Internal, as well as external gender assessments, have been conducted in 40 factories to find a factory-level gap on gender issues and assist these factories with the development of action plans for improvement. Total 74 number of senior management and 510 number of mid-level from these factories have been trained on Gender issues to sensitize them and internalize the gender action plans. Each factory has assigned individual focal persons to take care of gender issues in their factories. A gender person has his/her job description as per position.


The GIZ-Lindex project has established a model for women’s empowerment that can also be adopted by other brands and factories to ensure its long-term impact. In a pilot measure with its own suppliers, Lindex has devised gender-specific performance criteria that suppliers and buyers alike can integrate into their management systems. By sharing the results of this initiative with other buyers and business associations, and through the cooperation with GIZ, Lindex has contributed to a new model for the mainstreaming of gender issues on a larger scale across the industry.


Impacts and results


The project has improved the situation of about 82,000 workers employed along Lindex’s supply chain in Bangladesh, particularly women, who are the majority of the workforce.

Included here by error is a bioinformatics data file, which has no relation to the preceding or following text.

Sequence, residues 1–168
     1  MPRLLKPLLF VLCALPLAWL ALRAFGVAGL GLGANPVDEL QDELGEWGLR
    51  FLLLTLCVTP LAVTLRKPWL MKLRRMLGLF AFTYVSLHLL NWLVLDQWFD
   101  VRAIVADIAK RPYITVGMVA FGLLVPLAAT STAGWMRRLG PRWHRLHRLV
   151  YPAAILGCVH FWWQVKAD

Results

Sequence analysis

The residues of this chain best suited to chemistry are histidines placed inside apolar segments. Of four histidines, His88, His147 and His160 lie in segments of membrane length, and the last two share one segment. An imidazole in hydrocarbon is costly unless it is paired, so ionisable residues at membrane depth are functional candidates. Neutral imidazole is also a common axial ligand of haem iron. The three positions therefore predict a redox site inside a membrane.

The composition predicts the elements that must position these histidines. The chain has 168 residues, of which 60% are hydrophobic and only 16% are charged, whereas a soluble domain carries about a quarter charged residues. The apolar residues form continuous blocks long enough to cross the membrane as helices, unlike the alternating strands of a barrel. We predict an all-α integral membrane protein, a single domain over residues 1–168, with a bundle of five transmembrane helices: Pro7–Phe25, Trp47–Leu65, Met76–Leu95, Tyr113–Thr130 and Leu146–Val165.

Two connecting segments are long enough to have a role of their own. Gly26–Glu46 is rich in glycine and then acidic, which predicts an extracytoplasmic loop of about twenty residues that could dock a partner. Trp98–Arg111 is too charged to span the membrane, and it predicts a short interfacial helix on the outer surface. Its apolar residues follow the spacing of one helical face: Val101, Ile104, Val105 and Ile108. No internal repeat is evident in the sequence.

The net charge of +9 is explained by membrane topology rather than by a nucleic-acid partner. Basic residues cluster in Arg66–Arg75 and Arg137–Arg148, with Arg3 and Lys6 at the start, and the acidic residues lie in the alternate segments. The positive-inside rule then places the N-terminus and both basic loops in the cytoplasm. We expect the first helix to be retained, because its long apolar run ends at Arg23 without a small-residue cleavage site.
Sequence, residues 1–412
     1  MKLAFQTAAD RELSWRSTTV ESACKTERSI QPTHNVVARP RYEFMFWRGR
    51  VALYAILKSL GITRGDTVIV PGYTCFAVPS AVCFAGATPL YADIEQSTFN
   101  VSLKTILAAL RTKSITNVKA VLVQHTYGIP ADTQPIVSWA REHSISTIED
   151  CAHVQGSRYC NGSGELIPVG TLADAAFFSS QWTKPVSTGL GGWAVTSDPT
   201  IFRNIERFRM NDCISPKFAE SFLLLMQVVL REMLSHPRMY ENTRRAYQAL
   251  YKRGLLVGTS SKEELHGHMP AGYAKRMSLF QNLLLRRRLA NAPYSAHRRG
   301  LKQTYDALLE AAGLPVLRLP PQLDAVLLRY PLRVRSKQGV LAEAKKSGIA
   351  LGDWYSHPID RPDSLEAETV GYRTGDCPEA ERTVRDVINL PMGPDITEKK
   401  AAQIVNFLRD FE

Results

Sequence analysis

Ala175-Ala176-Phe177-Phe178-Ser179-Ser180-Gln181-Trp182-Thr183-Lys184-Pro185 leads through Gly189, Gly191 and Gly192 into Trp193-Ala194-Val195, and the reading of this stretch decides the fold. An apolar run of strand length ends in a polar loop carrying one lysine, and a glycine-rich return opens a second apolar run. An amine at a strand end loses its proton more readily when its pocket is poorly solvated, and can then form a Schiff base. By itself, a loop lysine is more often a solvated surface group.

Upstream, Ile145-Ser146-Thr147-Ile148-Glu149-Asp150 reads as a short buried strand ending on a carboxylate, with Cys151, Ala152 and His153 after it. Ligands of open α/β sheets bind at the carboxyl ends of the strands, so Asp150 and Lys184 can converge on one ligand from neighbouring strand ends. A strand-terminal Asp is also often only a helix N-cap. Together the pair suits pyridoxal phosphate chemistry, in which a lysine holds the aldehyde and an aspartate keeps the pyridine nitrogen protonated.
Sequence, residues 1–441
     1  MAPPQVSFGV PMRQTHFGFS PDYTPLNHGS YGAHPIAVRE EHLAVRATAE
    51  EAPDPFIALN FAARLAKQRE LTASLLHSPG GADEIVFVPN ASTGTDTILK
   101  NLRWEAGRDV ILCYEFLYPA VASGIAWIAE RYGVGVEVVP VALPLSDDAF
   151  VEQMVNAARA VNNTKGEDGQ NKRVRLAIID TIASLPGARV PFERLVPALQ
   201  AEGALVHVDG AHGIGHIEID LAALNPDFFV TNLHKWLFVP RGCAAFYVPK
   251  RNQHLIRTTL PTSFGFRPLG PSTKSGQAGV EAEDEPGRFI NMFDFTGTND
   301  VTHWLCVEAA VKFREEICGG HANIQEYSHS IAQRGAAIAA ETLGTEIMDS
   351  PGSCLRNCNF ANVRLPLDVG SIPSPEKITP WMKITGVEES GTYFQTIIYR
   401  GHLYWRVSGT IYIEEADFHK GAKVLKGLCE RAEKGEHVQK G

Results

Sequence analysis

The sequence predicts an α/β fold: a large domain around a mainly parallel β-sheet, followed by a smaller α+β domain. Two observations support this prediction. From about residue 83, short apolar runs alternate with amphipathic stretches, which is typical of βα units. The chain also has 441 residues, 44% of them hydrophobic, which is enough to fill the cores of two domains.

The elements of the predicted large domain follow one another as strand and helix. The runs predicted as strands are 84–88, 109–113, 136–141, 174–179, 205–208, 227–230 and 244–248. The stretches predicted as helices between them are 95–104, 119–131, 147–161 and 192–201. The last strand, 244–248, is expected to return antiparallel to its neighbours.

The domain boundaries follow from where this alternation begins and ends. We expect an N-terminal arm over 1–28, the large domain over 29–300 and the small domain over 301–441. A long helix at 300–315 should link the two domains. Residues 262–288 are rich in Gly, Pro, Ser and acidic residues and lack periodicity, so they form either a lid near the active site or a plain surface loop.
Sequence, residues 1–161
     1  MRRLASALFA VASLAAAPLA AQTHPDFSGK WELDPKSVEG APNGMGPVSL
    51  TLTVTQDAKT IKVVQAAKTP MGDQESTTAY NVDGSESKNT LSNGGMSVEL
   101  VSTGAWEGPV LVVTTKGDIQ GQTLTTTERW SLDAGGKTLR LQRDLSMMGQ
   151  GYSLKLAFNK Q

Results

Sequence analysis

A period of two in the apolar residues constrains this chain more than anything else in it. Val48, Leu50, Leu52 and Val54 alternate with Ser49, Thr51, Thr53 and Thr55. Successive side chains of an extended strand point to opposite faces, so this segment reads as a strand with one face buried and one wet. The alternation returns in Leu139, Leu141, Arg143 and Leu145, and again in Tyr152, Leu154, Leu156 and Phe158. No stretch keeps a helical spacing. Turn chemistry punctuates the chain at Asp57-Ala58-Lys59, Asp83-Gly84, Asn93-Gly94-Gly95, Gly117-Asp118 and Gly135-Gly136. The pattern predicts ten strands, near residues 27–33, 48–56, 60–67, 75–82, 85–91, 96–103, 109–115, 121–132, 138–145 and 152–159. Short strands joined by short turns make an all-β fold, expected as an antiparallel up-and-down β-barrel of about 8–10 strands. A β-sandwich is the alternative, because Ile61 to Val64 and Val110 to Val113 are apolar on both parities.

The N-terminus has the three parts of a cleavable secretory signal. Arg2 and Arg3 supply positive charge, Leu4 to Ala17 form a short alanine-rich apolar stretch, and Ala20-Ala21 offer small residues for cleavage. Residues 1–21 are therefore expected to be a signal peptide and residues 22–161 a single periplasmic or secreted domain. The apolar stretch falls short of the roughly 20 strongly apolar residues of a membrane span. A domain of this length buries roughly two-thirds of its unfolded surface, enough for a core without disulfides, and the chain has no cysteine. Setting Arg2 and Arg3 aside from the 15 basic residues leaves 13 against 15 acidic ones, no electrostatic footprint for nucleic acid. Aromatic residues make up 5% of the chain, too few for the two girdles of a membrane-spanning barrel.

Other suppliers besides Lindex’s partner companies got involved in the project, as they are also obligated by the social standards of the International Labor Organization, and they face the same market pressures to produce garments that the consumers regard as sustainable.


It is projected that 70 percent of the factories involved in the project (including Lindex-affiliated companies and others) have improved their gender-related social responsibility, as measured using the Lindex scorecards. This will be reflected by greater gender balance in their management structures, closer wage parity between men and women, training and representation for women, and measures to reduce sexual harassment.